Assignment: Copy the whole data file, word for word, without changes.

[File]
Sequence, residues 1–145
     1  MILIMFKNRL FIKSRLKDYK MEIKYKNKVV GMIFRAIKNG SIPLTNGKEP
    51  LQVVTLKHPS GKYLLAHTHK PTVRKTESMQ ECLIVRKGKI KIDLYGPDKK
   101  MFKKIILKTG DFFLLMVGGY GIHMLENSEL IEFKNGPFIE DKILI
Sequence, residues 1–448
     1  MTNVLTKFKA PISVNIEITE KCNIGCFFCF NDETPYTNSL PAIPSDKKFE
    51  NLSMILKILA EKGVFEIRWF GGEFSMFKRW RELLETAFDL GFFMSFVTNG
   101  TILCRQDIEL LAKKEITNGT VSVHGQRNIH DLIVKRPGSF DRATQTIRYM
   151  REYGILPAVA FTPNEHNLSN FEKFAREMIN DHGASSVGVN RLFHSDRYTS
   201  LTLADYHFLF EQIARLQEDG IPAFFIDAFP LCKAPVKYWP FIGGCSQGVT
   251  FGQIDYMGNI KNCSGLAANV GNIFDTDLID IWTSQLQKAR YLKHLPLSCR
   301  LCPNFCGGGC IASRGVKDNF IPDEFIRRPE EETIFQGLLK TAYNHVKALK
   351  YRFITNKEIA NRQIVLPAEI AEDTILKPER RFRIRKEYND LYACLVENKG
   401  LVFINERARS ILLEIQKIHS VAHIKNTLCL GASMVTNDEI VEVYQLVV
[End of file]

Sequence, residues 1–145
     1  MILIMFKNRL FIKSRLKDYK MEIKYKNKVV GMIFRAIKNG SIPLTNGKEP
    51  LQVVTLKHPS GKYLLAHTHK PTVRKTESMQ ECLIVRKGKI KIDLYGPDKK
   101  MFKKIILKTG DFFLLMVGGY GIHMLENSEL IEFKNGPFIE DKILI
Sequence, residues 1–448
     1  MTNVLTKFKA PISVNIEITE KCNIGCFFCF NDETPYTNSL PAIPSDKKFE
    51  NLSMILKILA EKGVFEIRWF GGEFSMFKRW RELLETAFDL GFFMSFVTNG
   101  TILCRQDIEL LAKKEITNGT VSVHGQRNIH DLIVKRPGSF DRATQTIRYM
   151  REYGILPAVA FTPNEHNLSN FEKFAREMIN DHGASSVGVN RLFHSDRYTS
   201  LTLADYHFLF EQIARLQEDG IPAFFIDAFP LCKAPVKYWP FIGGCSQGVT
   251  FGQIDYMGNI KNCSGLAANV GNIFDTDLID IWTSQLQKAR YLKHLPLSCR
   301  LCPNFCGGGC IASRGVKDNF IPDEFIRRPE EETIFQGLLK TAYNHVKALK
   351  YRFITNKEIA NRQIVLPAEI AEDTILKPER RFRIRKEYND LYACLVENKG
   401  LVFINERARS ILLEIQKIHS VAHIKNTLCL GASMVTNDEI VEVYQLVV